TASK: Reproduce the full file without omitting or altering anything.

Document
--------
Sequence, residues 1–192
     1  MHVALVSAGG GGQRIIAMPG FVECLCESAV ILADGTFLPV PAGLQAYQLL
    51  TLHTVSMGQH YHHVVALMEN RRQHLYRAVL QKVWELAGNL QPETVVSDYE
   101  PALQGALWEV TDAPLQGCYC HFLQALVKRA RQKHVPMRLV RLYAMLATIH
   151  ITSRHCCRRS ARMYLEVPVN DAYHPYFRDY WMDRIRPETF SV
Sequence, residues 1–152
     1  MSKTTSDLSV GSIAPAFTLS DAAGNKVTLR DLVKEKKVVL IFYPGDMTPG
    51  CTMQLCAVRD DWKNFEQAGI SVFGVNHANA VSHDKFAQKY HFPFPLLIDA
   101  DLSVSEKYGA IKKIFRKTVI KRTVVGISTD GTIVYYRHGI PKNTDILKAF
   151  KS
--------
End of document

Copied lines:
Sequence, residues 1–192
     1  MHVALVSAGG GGQRIIAMPG FVECLCESAV ILADGTFLPV PAGLQAYQLL
    51  TLHTVSMGQH YHHVVALMEN RRQHLYRAVL QKVWELAGNL QPETVVSDYE
   101  PALQGALWEV TDAPLQGCYC HFLQALVKRA RQKHVPMRLV RLYAMLATIH
   151  ITSRHCCRRS ARMYLEVPVN DAYHPYFRDY WMDRIRPETF SV
Sequence, residues 1–152
     1  MSKTTSDLSV GSIAPAFTLS DAAGNKVTLR DLVKEKKVVL IFYPGDMTPG
    51  CTMQLCAVRD DWKNFEQAGI SVFGVNHANA VSHDKFAQKY HFPFPLLIDA
   101  DLSVSEKYGA IKKIFRKTVI KRTVVGISTD GTIVYYRHGI PKNTDILKAF
   151  KS